When the Text Demands Change (Apr-May 1997)

By Matt Dabbs

by Randall J. Harris
April – May, 1997

26
I teach in the Bible department at a Christian university, so it was with considerable distress that I discovered that I had become utterly bored with the Bible. I was faced with a career of teaching that in which I had lost interest. To compound my problem, I was also a preacher and it seemed that every other day was Sunday. I continued to be dutiful but there was no way around it—I was bored. How could I make fresh for others what for me was so stale?

This problem, I am convinced, is not unique. In Churches of Christ we are deeply committed to Scripture. I, like many of you, started to learn the Bible before I could read it. I have been in Bible school and Wednesday night Bible study and VBS and university Bible classes FOREVER (if not longer). In Junior High and High School I participated in Bible Bowl and became a repository for Bible trivia over vast sections of Scripture. (Do you know the name of Lot’s sons who were born to him by his daughters?) If you start a Bible story I will almost surely be able to finish it. How can the Word of God exercise any transforming power over us when we have heard it all before?

I only want to tell you how I found my way out of Bible boredom and reiterate one of the strengths of our heritage as pointed out by Richard Hughes — we are open to change when the text warrants it. The key for me was reading everything in the bible as a personal challenge to me to change. The point of Scripture is to “transform us by the renewal of mind” so that we can be pleasing to God.

There is an almost irresistible urge to read Scripture in such a way as to confirm our prejudices and prop up the status quo. After all, I like to be right (and, of course, I usually am) and the notion that the Bible would call upon me to change some belief, attitude, or action doesn’t set well. Thus I read the Bible to prove I’m right, and then get both bored and cantankerous.

But what if we come at the text in another way? What if we start with the predisposition that the text is more likely to challenge our thinking rather than confirm it? For me, this has made all the difference. I am mostly convinced that the people in our churches really are willing to change if and only if God calls them to do so through Scripture. We have no right to call for change on any other basis.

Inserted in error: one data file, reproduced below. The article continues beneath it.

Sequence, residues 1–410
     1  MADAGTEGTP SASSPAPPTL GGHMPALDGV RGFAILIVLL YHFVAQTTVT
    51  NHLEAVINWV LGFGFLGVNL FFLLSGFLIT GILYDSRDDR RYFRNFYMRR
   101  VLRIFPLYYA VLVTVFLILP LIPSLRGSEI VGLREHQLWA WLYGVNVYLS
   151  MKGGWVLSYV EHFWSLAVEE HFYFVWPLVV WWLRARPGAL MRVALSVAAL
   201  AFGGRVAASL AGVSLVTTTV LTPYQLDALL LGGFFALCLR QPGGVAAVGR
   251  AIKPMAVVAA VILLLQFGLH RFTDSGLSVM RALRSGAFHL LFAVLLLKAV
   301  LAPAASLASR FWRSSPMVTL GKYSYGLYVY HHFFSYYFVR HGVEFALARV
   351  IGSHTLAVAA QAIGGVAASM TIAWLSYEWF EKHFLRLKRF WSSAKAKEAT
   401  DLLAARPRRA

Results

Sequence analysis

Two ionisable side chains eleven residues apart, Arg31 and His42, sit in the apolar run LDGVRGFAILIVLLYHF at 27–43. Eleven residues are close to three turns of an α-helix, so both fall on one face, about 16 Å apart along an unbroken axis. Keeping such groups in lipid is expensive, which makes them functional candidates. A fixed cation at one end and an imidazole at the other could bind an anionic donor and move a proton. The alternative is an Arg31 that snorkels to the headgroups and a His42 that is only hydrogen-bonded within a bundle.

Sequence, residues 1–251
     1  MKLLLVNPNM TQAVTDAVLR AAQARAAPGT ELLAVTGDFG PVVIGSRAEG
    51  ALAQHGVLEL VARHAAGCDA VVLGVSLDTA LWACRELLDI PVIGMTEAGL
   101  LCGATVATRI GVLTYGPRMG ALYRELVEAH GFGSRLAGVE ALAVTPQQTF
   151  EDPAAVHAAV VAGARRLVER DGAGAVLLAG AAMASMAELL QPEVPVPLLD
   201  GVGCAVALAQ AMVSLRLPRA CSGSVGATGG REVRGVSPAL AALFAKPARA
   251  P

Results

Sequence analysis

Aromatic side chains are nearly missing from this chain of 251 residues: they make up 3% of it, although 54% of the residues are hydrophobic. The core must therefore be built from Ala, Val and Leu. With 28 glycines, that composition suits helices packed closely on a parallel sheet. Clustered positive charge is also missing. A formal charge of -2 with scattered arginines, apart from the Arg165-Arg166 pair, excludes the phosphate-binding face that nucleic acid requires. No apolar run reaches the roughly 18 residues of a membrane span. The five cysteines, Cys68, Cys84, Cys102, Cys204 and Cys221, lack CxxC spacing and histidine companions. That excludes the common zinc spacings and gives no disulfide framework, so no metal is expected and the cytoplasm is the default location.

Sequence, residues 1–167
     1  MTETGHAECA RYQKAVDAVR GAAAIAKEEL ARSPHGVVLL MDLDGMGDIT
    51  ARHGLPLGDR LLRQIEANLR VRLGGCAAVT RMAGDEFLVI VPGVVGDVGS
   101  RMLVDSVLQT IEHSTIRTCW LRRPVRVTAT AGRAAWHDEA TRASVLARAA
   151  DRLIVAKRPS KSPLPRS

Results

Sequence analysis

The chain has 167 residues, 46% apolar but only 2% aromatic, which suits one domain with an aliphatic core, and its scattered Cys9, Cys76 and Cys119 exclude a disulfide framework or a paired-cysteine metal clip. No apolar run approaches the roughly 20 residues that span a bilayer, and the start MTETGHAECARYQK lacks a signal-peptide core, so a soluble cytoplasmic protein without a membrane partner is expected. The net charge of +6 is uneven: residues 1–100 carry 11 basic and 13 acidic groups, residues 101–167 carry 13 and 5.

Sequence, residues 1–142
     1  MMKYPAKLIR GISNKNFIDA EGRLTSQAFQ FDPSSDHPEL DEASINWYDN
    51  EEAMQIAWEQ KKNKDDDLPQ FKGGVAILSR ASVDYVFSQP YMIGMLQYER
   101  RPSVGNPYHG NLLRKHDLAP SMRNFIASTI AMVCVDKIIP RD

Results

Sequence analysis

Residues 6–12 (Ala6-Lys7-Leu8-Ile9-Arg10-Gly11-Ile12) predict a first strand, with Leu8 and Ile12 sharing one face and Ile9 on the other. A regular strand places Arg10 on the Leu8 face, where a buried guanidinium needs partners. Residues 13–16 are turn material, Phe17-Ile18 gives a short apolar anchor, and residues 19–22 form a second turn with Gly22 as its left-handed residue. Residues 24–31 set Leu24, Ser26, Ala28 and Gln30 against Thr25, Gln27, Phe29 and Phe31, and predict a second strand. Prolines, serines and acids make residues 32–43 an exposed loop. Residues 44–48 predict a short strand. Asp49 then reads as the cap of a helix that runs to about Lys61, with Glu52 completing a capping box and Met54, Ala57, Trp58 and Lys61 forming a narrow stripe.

But openness to change on the basis of scriptural warrant demands, first of all, not an openness to change but an openness to Scripture—a willingness to hear some new thing from literature with which we are very familiar. As I have, over the last several years, read Scripture in this way the Bible has come alive in my life. I still take a certain academic joy in trying to ferret out the meaning of an obscure or difficult text, but the real work is trying to bring my life into conformity with the clear (but hard) demands of the gospel.

I will simply illustrate my point with a single example that could be endlessly multiplied. Consider the following text:

A certain ruler asked him, “Good teacher, what must I do to inherit eternal life?”

“Why do you call me good?” Jesus answered. “No one is good—except God alone. You know the commandments: ‘Do not commit adultery, do not murder, do not steal, do not give false testimony, honor your father and mother.’”

“All these I have kept since I was a boy,” he said.

When Jesus heard this, he said to him, “You still lack one thing, Sell everything you have and give to the poor, and you will have treasure in heaven. Then come, follow me.”

When he heard this, he became very sad, because he was a man of great wealth. Jesus looked at him and said, “How hard it is for the rich to enter the kingdom of God! Indeed, it is easier for a camel to go through the eye of a needle than for a rich man to enter the kingdom of God.”

Those who heard this asked, “Who then can be saved?”

Jesus replied, “What is impossible with men is possible with God.”

Peter said to him, “We have left all we had to follow you!”

“I tell you the truth,” Jesus said to them, “no one who has left home or wife or brothers or parents or children for the sake of the kingdom of God will fail to receive many times as much in this age and, in the age to come, eternal life” (Luke 18:18-30, NIV).

This text has no real exegetical difficulties. One could enhance understanding by comprehending a background of Deuteronomic theology but even that is not necessary. The real question is how will we respond to the challenge of this story?

Do you know that when I poll my classes to find out if they think Jesus really intends for this man to sell all that he has, fully half of them will say no, despite the clear instruction in the passage. Now that’s resistance!

While I would not suggest that this passage requires that every disciple must do what Jesus calls this man to do, the question is, what does this text require that I change about how I live or think? Only when we are prepared to ask such questions with seriousness, and then change as the text confronts us, will we be true to our best heritage. The call of God’s word is always a call to change.Wineskins Magazine

Randall J. Harris

(Transcribed for the Web from the archived print edition by Neita Dudman)

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Profile photo of Matt DabbsThis author published 1577 posts in this site.
Matt is the preaching minister at the Auburn Church of Christ in Auburn, Alabama. He and Missy have been married 12 years and are raising two wonderful boys, Jonah and Elijah. Matt is passionate about reaching and discipling young adults, small groups, and teaching. Matt is currently the editor and co-owner of Wineskins.org.

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